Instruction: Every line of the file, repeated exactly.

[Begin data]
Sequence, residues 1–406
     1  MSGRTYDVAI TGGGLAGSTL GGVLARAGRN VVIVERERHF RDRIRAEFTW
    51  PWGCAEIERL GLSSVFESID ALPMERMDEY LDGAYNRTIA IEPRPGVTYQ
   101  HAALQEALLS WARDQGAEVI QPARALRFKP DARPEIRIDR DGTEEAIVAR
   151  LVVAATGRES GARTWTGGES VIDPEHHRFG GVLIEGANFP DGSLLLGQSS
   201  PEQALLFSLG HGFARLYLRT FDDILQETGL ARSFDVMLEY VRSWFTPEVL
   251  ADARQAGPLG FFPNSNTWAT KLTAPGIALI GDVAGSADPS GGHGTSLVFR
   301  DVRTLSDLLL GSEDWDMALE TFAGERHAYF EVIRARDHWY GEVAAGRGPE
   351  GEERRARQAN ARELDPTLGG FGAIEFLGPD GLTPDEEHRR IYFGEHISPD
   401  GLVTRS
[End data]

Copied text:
Sequence, residues 1–406
     1  MSGRTYDVAI TGGGLAGSTL GGVLARAGRN VVIVERERHF RDRIRAEFTW
    51  PWGCAEIERL GLSSVFESID ALPMERMDEY LDGAYNRTIA IEPRPGVTYQ
   101  HAALQEALLS WARDQGAEVI QPARALRFKP DARPEIRIDR DGTEEAIVAR
   151  LVVAATGRES GARTWTGGES VIDPEHHRFG GVLIEGANFP DGSLLLGQSS
   201  PEQALLFSLG HGFARLYLRT FDDILQETGL ARSFDVMLEY VRSWFTPEVL
   251  ADARQAGPLG FFPNSNTWAT KLTAPGIALI GDVAGSADPS GGHGTSLVFR
   301  DVRTLSDLLL GSEDWDMALE TFAGERHAYF EVIRARDHWY GEVAAGRGPE
   351  GEERRARQAN ARELDPTLGG FGAIEFLGPD GLTPDEEHRR IYFGEHISPD
   401  GLVTRS